North Korea says it has “successfully” carried out a third nuclear test, in defiance of U.N. warnings to stop developing its atomic weapons program.
The official Korean Central News Agency said Tuesday the underground test used a “lighter, miniaturized nuclear bomb” with greater explosive force than previous tests. It said the test was in response to what it called the “reckless hostility” of the United States.
U.N. Secretary General Ban Ki-moon immediately condemned the “deeply destabilizing” move, calling it a “clear and grave violation” of international sanctions banning Pyongyang from conducting nuclear or missile tests.
Diplomats say the U.N. Security Council will meet early Tuesday in New York to discuss the developments.
South Korea’s Defense Ministry, which has raised its military alert level, also confirmed that an atomic device was exploded Tuesday near the site of Pyongyang’s previous tests.
VOA correspondent Steve Herman in Tokyo says Seoul is also watching for additional explosions or missile launches.
“There’s also concern that North Korea, at the same time that it was doing this nuclear test, or on the same day, might also launch some medium-range missiles, (but) we’ve had no confirmation of any such activity so far,” he said. “This is being taken very seriously by North Korea’s neighbors, especially South Korea and Japan.”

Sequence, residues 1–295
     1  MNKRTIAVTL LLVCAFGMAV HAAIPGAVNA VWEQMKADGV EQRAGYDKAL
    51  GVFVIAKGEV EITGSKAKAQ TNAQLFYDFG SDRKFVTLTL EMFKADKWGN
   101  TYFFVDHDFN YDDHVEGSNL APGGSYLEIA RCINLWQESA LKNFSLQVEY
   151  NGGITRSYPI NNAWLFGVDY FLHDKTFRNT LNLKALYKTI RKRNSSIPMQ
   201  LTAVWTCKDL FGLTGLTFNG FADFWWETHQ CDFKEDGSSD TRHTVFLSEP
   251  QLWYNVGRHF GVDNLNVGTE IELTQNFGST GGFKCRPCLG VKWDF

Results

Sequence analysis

North Korea had threatened to carry out its third nuclear test in retaliation for United Nations sanctions that were expanded last month in response to a recent long-range rocket launch.
Initial reports suggested that North Korea’s latest nuclear test was stronger than its previous tests in 2006 and 2009. A North Korea Defense Ministry spokesperson said the explosion generated 6-7 kilotons of nuclear energy. But South Korean officials are still investigating whether the latest test used plutonium, as in previous tests, or uranium.
North Korea is believed to have enough plutonium to make several weapons. In 2009, Pyongyang announced it also would begin enriching uranium, giving it a second way to make fuel for nuclear weapons.
Earlier Tuesday, North Korean state media threatened an unspecified “high-intensity” action, but did not mention any possible nuclear test. Last month, Pyongyang threatened to continue nuclear and missile tests it said were aimed at the United States.
Since then, there had been much speculation about the timing of the possible test. South Korean officials told various media outlets that North Korea informed the U.S. and China of the impending test.
China, North Korea’s only major ally and an important source of economic aid, agreed to the Security Council sanctions last month, and has expressed unusual criticism of North Korea’s nuclear program.
The Comprehensive Nuclear Test Ban Treaty, an international monitoring group, says the test “would constitute a a clear threat to international peace and security.”